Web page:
Friday, Apr 20, 2018
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Thousands march in funeral procession for slain Tunisian politician, march follows bomb blast

TUNIS, Tunisia  — Thousands joined a funeral march through Tunisia’s capital today with the body of assassinated opposition politician Mohammed Brahmi, chanting slogans in a display of the anger threatening the survival of a government once seen as a model for democracy in the region.

Adding to the tension in the North African country, a bomb exploded in the early morning underneath a car at the port in Tunis. Though there were no injuries, the rare attack helped deepen the sense of unease in Tunisia, where two opposition politicians have been gunned down in the last six months, apparently by the same weapon.

The latest assassination Thursday exacerbated the distrust between the ruling coalition led by moderate Islamists and the opposition, which has demanded the dissolution of the government because of its failures to rein in Islamist extremists, improve the economy and manage the transition to democracy.

“Down with the party of the Brotherhood,” chanted mourners following the body of Brahmi, referring to the ruling Ennahda Party’s affiliation with the regional Muslim Brotherhood religious group. “The people demand the fall of the regime.”

Brahmi’s body was taken in a military vehicle draped with a massive Tunisian flag through the city under a blazing summer sun to the Jellaz cemetery, where fellow assassinated politician Chokri Belaid was laid to rest in February.

The Interior Ministry, citing physical evidence and witnesses, said Friday that Brahmi’s assassin was Boubakr Hakim, a known militant and weapons smuggler who was part of the same al-Qaida linked cell that murdered Belaid back in February.

Hakim allegedly shot Brahmi 14 times outside his home Thursday in full view of his family with the same 9mm semi-automatic handgun used to kill Belaid, before he sped away on the back of a moped.

The assassination has rocked the country and provoked anti-government demonstrations around the country by protesters holding the moderate Islamists elected in 2011 responsible for the lack of security in the country.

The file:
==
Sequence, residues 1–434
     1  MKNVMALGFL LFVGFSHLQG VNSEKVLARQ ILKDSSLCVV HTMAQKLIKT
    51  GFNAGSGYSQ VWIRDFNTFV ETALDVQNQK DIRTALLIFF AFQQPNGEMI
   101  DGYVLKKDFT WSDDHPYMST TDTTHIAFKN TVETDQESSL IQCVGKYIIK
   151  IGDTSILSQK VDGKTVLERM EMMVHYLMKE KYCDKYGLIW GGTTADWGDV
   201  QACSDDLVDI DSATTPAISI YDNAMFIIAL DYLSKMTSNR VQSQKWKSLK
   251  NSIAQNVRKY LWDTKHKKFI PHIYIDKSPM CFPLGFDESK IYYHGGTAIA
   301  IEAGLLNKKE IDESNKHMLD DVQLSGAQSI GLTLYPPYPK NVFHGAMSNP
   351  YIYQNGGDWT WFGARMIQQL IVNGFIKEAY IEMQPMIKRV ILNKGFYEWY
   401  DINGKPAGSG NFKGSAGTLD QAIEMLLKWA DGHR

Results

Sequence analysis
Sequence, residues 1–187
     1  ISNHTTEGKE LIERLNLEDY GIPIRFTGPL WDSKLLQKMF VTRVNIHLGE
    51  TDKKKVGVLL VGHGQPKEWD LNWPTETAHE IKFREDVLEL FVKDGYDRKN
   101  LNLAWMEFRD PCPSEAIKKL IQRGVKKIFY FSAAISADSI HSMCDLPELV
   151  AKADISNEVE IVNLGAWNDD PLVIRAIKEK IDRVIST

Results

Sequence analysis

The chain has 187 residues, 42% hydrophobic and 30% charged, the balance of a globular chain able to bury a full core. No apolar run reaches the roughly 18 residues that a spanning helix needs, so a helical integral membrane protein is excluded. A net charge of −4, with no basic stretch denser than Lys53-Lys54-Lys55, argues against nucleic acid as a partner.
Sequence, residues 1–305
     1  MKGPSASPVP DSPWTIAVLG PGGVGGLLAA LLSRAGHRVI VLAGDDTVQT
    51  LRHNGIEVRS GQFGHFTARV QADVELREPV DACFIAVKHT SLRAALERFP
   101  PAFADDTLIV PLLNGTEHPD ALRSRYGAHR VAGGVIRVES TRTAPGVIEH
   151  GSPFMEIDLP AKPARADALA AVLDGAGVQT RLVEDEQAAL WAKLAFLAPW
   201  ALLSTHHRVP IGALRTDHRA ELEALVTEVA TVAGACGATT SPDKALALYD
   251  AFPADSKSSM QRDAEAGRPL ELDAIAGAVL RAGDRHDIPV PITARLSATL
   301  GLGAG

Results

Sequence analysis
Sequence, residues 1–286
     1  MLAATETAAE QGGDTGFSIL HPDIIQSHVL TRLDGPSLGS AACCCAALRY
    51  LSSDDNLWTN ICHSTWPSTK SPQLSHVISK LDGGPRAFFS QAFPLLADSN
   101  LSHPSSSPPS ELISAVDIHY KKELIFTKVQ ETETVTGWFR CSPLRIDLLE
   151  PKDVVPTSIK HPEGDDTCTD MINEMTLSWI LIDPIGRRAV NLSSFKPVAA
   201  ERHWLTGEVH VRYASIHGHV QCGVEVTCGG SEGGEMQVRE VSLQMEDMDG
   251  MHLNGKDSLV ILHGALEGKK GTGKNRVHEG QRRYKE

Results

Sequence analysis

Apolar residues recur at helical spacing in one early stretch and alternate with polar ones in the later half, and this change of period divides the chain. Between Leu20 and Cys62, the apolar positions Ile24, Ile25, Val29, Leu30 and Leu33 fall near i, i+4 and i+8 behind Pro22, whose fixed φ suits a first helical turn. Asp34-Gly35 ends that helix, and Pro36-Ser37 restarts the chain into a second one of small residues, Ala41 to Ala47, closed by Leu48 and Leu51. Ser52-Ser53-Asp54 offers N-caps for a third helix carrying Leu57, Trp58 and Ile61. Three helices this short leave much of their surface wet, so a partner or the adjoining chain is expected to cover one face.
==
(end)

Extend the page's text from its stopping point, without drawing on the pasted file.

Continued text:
A 48-year-old political activist with the same leftist coalition as the assassinated Brahmi died Friday night after being hit in the head by a tear gas canister during a demonstration outside a police station in the southern mining town of Gafsa, said Abdessattar Ben Moussa, president of the League for Human Rights.

Protesters also clashed with police in the interior cities of Al-Kef and Sidi Bouzid.

The morning bomb blast caused no injuries and only blew out windows in the area but it represents a dangerous escalation for a country that has yet to experience serious terrorist incidents like its neighbors Algeria and Libya.

“As we were leaving the station for a routine patrol, we saw a suspicious package under the car,” said police officer Mourad Mliki told The Associated Press. “We went back to the station to tell our superiors and there was a huge explosion — it was set off remotely.”

Mohammed Ali Aroui, the police spokesman told the state news agency that the remains of the explosive device were being examined by a special team.

“The explosion was so strong it was like an earthquake,” said Walid Khammar, a fish seller living near the police station whose car was damaged by the blast.

Tunisians overthrew their dictator in January 2011, inspiring the pro-democracy uprisings of the Arab Spring across the region. The long-repressed moderate Islamist Ennahda dominated subsequent elections and now rules in coalition with two secular parties.

With two political assassinations and a faltering economy, the opposition says the government has lost its legitimacy and is demanding a new government.

Some 42 members of opposition parties announced late Friday their withdrawal from the 217-member elected assembly charged with completing the countries new constitution.

The opposition accuses Ennahda of turning a blind eye to the rise of ultraconservative Islamist movements known as Salafis, following the revolution — especially those willing to use violence to push their views.

The government had said it did not want to replicate the repressive anti-Islamist policies of overthrown dictator Zine El Abidine Ben Ali but when thousands of salafis attacked the U.S. embassy in September over an anti-Islamic film produced in the U.S., the government cracked down on the movement.

In April, soldiers patrolling in a mountainous region near the Algerian tripped a roadside bomb causing severe injuries and sparking a search of the region that revealed the remains of training camps and more hidden explosives.

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